By the North, For the North: What the Arctic Inspiration Prize Means to Me

group of 2019 Laureates

The 2019 AIP Laureates (credit: Justin Tang/AIP)

By Hannah Uniuqsaraq, Former Chair, AIP Charitable Trust

By the North, For the North. Six little words, but they mean so much. I’ve been involved with the Arctic Inspiration Prize (AIP) for the last 3 years, lending my voice and leadership to the Northern-led Trust that guides the work and future of the AIP. I’ve come to know the prize inside and out, along with the Laureate projects it makes possible and the northern communities it supports.

From project ideas to their evaluation and selection, to the ownership, leadership and development of the prize, everything is in place to live the vision of “By the North, For the North”. I want to show you what that means to me by taking you on a virtual tour of the AIP:

Ideas, Projects and Impacts

Most other funding applications have very strict criteria. In comparison, the AIP is focused on ideas that can help the community. It is a resource that can help you realize your dream of making your community better, by bringing your ideas to life. It provides the opportunity to make the North stronger and better. You are only limited by how you limit yourself.”

Glen Brocklebank, The Qajaq Program – 2017 Laureate

Since its beginning in 2012, the AIP has made 41 Laureate team’s dreams come true and enabled their projects to come to life.

These are all projects led by Northerners that build on our strengths and tackle issues that are the most meaningful to our communities. I’ve seen first-hand the success and impact of these projects in my own territory, like the Baffin Youth Outdoor Education Project and Pirurvik – A Place to Grow.

Pirurvik – A Place to Grow, 2018 AIP Laureate (credit: Alistair Maitland/AIP)

In addition, I have the amazing opportunity to learn from the work of other communities across the North, pursuing their own dreams and seeing their own teams achieve success . And that success reaches far beyond the initial seed-money that comes from the AIP. In fact, due to the acknowledgement, visibility and prestige associated with winning an AIP, Laureates attract additional funds, which support greater sustainability and often increase the size of their projects over time, leading to an annual Laureate impact amount of up to $15 million and growing.

Northern Ownership, Leadership and Inspiration

The Arctic Inspiration Prize isn’t about telling Northerners what to do, this prize is about supporting Northerners who already have solutions.”

Kluane Adamek (Aagé), Yukon Regional Chief – Assembly of First Nations
Tr’ondëk Hwëch’in Teaching and Working Farm, 2018 AIP Laureate (credit: Alistair Maitland/AIP)

I love Chief Adamek’s words. I think they perfectly express the vision of the AIP. The northern-led Trust  takes this to heart. The work we do helps to advance the prize and ensures its sustainability so that many, many more teams can see their solutions put into action.

What’s more, the AIP is all about the North supporting the North. The AIP’s Co-Owners, the northern Indigenous development corporations and governments invest directly into the prize and that money and leadership is the foundation of the AIP, without which the prize could not exist.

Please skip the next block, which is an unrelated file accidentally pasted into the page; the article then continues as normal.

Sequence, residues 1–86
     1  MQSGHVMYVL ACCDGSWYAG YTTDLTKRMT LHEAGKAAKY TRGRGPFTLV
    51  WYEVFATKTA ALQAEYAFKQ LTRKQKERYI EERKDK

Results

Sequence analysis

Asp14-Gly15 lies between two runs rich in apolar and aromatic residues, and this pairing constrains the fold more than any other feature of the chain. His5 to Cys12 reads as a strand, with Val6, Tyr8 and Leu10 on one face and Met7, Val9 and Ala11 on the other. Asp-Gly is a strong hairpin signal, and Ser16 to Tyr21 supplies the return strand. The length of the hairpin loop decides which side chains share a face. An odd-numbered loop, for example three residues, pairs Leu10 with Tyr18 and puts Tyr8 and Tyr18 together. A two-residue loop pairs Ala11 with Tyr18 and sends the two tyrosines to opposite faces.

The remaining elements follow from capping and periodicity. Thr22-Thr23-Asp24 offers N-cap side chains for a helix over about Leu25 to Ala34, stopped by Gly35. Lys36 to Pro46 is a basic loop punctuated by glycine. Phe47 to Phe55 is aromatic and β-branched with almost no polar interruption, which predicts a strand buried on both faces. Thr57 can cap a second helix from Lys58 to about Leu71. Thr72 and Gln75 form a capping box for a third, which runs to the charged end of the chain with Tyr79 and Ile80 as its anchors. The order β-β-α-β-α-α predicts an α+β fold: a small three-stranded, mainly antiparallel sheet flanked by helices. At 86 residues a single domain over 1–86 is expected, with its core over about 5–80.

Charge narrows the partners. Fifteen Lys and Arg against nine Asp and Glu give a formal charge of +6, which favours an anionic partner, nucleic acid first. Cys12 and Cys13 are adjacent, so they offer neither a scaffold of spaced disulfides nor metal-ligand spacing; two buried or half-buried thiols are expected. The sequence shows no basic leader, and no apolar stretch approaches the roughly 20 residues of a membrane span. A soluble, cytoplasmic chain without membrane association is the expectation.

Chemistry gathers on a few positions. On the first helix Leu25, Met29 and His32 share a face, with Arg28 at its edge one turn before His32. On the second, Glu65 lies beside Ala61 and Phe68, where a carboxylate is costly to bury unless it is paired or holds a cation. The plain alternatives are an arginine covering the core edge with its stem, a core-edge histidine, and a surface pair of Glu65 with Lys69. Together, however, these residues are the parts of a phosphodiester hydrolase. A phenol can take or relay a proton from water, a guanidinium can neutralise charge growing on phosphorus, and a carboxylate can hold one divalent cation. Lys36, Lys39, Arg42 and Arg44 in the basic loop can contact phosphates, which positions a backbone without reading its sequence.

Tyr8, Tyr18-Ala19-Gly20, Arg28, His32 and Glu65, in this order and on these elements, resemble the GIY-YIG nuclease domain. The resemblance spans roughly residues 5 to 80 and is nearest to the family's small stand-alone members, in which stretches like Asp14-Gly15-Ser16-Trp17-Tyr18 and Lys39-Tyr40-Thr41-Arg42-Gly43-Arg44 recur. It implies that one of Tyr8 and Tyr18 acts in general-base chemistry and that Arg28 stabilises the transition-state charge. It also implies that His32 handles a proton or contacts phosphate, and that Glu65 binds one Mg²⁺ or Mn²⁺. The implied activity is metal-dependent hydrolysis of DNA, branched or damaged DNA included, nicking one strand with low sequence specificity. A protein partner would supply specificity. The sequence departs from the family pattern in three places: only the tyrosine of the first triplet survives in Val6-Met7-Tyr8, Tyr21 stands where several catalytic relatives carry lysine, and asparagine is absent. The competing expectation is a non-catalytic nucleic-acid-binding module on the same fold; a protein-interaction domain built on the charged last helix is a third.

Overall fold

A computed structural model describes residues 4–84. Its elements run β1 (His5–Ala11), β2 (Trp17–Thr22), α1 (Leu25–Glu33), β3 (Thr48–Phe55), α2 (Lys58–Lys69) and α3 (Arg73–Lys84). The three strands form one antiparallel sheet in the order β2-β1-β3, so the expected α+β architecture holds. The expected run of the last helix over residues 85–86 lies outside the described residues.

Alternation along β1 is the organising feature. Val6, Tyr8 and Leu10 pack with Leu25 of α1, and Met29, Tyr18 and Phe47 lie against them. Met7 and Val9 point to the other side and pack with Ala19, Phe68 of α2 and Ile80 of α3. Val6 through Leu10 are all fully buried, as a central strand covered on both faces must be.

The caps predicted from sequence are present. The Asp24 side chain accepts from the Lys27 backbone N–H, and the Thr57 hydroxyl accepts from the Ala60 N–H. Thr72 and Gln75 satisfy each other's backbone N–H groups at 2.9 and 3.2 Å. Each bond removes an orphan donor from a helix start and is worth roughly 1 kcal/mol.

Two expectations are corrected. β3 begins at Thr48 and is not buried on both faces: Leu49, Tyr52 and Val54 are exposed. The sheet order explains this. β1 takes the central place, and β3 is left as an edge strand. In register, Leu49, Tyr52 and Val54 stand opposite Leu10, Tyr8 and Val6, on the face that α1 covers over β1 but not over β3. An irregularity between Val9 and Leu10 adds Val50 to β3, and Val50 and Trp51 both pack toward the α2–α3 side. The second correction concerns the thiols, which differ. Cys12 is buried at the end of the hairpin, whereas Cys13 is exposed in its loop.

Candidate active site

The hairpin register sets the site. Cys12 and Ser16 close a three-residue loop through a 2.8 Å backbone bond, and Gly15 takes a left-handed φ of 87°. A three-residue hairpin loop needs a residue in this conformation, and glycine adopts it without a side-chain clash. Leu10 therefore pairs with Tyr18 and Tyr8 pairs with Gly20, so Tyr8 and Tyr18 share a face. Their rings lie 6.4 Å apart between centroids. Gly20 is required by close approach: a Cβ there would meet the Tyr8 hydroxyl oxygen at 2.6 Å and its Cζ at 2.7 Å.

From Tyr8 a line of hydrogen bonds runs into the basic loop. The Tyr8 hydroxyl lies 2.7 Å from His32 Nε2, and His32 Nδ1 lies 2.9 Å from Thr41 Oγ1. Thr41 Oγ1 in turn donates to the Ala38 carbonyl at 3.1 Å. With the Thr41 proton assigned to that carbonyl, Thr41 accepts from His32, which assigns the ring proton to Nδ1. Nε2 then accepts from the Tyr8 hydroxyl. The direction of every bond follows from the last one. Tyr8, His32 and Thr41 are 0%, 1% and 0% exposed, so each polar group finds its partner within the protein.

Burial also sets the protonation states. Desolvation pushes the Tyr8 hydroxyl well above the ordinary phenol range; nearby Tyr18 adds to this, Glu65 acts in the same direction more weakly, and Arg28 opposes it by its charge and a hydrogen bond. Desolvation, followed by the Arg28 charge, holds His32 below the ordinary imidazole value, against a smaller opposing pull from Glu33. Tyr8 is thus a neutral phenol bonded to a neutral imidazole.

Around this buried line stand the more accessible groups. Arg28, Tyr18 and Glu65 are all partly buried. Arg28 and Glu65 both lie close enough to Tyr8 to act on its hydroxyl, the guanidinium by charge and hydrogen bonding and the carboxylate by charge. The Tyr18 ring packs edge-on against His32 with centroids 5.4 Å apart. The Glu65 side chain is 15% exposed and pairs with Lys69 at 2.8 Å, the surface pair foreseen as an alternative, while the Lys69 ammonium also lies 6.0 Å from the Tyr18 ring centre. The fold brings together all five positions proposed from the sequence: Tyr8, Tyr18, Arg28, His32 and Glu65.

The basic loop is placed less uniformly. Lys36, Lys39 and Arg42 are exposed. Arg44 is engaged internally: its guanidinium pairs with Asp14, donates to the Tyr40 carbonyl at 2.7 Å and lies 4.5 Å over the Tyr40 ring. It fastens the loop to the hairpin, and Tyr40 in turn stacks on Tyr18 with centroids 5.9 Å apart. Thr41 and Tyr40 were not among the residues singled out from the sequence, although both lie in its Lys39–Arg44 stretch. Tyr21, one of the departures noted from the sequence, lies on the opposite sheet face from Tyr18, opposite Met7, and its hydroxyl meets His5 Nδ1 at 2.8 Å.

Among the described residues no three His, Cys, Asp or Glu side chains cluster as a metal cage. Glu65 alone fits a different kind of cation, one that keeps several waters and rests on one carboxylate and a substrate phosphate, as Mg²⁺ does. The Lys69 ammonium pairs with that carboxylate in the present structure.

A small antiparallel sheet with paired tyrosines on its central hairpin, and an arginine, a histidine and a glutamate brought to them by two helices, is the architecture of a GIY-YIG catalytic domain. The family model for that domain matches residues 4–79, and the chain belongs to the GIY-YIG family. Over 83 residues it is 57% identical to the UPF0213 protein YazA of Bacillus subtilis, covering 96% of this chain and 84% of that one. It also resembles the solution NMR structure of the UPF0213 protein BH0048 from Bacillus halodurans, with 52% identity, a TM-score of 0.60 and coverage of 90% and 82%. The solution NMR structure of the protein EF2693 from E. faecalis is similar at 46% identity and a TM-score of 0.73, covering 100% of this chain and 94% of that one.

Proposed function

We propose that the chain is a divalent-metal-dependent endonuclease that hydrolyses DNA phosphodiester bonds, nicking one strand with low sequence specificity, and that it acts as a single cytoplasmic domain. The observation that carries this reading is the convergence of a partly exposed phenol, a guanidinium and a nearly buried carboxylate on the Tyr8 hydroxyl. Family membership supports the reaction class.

Every year the AIP community grows as we welcome new partners and more ambassadors  who help to fund the prize and offer support and mentorship to teams, write nomination letters and of course, celebrate when their teams win.

Finally, it’s the AIP’s northern-led selection process that ensures the winning projects are those that are most needed and relevant for the communities they intend to serve. It’s our local volunteers, the people that know, understand and live in our communities that can decide what’s most important. And that’s why the three regional selection committees are made up entirely of Northerners, most of whom are Indigenous, and living in the communities they represent.

Northern Arts, Culture and Celebration

Our sculpture represents our resilience, our time, our future.”

Kaitak Allukpik, From Scrap to Art – 2018 Laureate

More than anything, to me By the North, For the North means community. And when our community comes together, what do we do? We celebrate! The AIP’s annual Awards Ceremony has matured into an incredible showcase of northern talent, performance and art. A time to come together as a wider community. An occasion to learn from each other and celebrate the finalists and new laureates every year. It’s also a time to demonstrate all that the North can achieve and to reflect on how bright our futures are.

“I’m so happy this evening that so many of the prizes are going to nurture that spark in people. We all need to play that role – whether we are from organizations, whether do it individually, whether we do it as family – we need to create the spaces and environment so we can all become who we were meant to be. Confidently. Unapologetically. So that we can contribute positively to our communities, to our families, to our territories.”

Aluki Kotierk, President, Nunavut Tunngavik Incorporated, during the 2019 AIP Awards Ceremony

I’m so thrilled to have been able to take you on a “tour” of the AIP. To show you what By the North, For the North means to me. Look around, get to know the laureates, their work and the amazing aspects of the prize that come together to make the AIP so special.